A record setting 73 million people tuned in that evening. I did, much to the parental unit’s dismay.
The Beatles had already had a Number One hit on the American charts, AM Radio stations were playing their tunes in heavy rotation. The delirium around The Beatles’ arrival from England had not been equaled since Elvis Presley on The Ed Sullivan Show eight years earlier. But even Presley’s appearance could not have prepared the staff at The Ed Sullivan Show and the New York City authorities for what was about to happen.
The Ed Sullivan Show is remembered fondly by baby boomers for introducing acts and breakthrough performances by popular 1950s and 1960s acts including The Dave Clark Five, The Animals, The Beach Boys, The Jackson 5, Stevie Wonder, Janis Joplin, Rolling Stones, The Mamas & the Papas, The Lovin’ Spoonful, Herman’s Hermits, and The Doors. They would be on the bill with opera singers, casts of Broadway shows, comics, puppets, and variety acts.
The Ed Sullivan Show ran on CBS from 1948 to 1971 and was hosted by entertainment columnist Ed Sullivan, who had no discernable talent of his own. In the show’s debut, Dean Martin and Jerry Lewis performed along with Broadway composers Richard Rodgers and Oscar Hammerstein II previewing the score to their new show South Pacific. The last show (#1068) was in 1971, with guests Melanie, Danny Davis and the Nashville Brass and Canadian comic act Sandler and Young in their 67th appearance.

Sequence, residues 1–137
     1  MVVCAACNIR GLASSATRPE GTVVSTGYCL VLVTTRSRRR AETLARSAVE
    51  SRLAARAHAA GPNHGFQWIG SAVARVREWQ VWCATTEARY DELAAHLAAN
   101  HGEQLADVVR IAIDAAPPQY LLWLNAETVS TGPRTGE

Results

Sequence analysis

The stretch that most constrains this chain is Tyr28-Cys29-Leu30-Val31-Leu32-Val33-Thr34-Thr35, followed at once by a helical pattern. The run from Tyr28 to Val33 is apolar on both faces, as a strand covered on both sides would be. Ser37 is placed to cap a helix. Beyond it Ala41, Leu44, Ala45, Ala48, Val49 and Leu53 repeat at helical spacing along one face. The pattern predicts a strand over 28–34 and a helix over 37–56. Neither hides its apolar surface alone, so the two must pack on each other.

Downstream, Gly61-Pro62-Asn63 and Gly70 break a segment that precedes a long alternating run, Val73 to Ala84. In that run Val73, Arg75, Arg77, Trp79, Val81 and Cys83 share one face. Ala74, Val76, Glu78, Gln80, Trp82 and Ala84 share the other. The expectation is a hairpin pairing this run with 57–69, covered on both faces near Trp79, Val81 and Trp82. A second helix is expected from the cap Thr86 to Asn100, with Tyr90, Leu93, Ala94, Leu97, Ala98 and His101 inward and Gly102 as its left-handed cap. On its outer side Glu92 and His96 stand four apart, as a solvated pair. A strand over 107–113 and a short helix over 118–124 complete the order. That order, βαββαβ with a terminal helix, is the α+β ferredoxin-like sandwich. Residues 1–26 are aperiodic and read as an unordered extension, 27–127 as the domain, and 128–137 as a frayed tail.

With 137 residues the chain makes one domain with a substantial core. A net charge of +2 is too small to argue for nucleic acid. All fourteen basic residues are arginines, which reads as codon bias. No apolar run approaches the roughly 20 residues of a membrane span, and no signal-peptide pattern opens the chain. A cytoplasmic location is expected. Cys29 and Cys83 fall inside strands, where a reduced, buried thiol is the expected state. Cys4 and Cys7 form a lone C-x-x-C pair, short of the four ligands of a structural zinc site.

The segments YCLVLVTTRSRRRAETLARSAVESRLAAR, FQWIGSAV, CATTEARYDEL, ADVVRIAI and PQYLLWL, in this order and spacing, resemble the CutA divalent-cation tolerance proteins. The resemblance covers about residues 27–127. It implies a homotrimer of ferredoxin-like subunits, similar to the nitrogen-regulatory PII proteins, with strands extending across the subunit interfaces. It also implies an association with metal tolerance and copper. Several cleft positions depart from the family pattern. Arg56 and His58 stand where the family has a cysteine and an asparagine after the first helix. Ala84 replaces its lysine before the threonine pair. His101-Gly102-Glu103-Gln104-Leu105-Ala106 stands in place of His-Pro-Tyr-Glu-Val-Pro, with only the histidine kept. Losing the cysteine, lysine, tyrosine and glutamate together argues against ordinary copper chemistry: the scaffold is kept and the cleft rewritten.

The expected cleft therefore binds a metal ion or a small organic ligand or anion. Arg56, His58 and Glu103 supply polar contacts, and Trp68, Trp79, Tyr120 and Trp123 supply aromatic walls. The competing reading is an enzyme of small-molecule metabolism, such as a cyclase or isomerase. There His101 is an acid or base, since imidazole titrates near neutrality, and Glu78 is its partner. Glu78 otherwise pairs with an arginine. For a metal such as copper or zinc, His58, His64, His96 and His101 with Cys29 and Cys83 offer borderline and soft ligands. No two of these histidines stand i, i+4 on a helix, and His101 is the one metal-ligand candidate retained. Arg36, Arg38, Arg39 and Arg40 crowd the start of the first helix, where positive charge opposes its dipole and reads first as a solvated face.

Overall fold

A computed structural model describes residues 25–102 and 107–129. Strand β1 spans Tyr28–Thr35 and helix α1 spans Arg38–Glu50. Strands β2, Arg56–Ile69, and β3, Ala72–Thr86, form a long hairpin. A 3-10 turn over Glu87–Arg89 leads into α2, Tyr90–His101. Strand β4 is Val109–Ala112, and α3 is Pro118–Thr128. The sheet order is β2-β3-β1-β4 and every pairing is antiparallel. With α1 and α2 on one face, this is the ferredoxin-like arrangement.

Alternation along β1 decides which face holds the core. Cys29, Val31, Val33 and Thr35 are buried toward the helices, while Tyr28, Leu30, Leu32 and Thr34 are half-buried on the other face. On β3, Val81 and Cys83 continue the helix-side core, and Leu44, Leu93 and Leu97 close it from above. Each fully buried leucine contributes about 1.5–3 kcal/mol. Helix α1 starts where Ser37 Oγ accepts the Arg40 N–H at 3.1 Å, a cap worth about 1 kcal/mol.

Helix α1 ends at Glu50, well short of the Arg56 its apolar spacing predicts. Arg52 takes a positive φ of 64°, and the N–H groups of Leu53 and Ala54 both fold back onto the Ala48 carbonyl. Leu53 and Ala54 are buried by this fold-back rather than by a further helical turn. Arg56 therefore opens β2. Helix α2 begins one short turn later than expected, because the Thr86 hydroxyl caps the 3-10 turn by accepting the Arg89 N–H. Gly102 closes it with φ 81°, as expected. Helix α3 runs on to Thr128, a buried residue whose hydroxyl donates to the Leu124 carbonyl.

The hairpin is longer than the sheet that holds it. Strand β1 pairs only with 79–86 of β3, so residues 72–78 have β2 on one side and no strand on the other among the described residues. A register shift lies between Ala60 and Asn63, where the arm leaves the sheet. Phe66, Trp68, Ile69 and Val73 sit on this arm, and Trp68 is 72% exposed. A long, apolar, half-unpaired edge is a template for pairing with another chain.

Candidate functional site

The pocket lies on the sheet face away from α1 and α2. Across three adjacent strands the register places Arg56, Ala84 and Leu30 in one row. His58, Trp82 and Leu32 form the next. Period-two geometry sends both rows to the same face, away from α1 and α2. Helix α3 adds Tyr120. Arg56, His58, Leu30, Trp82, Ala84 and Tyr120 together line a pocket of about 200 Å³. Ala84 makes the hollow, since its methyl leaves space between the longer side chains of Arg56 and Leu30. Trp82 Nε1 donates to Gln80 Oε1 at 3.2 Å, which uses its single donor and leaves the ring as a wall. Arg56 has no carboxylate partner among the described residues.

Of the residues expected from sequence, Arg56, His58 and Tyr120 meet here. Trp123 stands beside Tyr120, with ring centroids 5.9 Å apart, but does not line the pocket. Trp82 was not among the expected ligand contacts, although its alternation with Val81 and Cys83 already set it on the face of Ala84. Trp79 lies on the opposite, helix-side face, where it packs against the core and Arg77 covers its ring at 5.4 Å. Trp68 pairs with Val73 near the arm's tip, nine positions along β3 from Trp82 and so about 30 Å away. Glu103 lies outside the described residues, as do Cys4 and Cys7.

In an era when few opportunities existed for African-American performers on national television, Sullivan championed black talent. He launched the careers of many performers by presenting them to a nationwide television audience and ignored the criticism. The Supremes were a special act for The Ed Sullivan Show, with 14 appearances, they were a personal favorite of Sullivan. He affectionately called them “The Girls”.
In 1963, while arriving at London’s Heathrow airport, Sullivan and his wife encountered thousands of frantic young people waiting in the rain. When Sullivan inquired about what was happening, he was told that a British band named The Beatles was just returning home from a series of concerts in Sweden. When he got to his hotel room, Sullivan looked at booking the band for his show.
The next year, The Beatles’ manager Brian Epstein reached an agreement with Sullivan to bring the group to America to perform live for the first time on American television. The handshake deal was for performances on three shows to air in 1964. In return, The Beatles would receive $10,000 for their three appearances and top billing.
Right before their debut on Sullivan’s show, I Want To Hold Your Hand was leaked in advance of its planned release to radio stations across the country. When Capitol Records was unable to stop American DJs from spinning the tune, the record label relented and in December 1963, they dropped the album ahead of schedule. Within a week, it had sold over one million copies and was Number One on the American Pop charts. By the time of The Beatles’ performance on The Ed Sullivan Show, Beatlemania was in full force.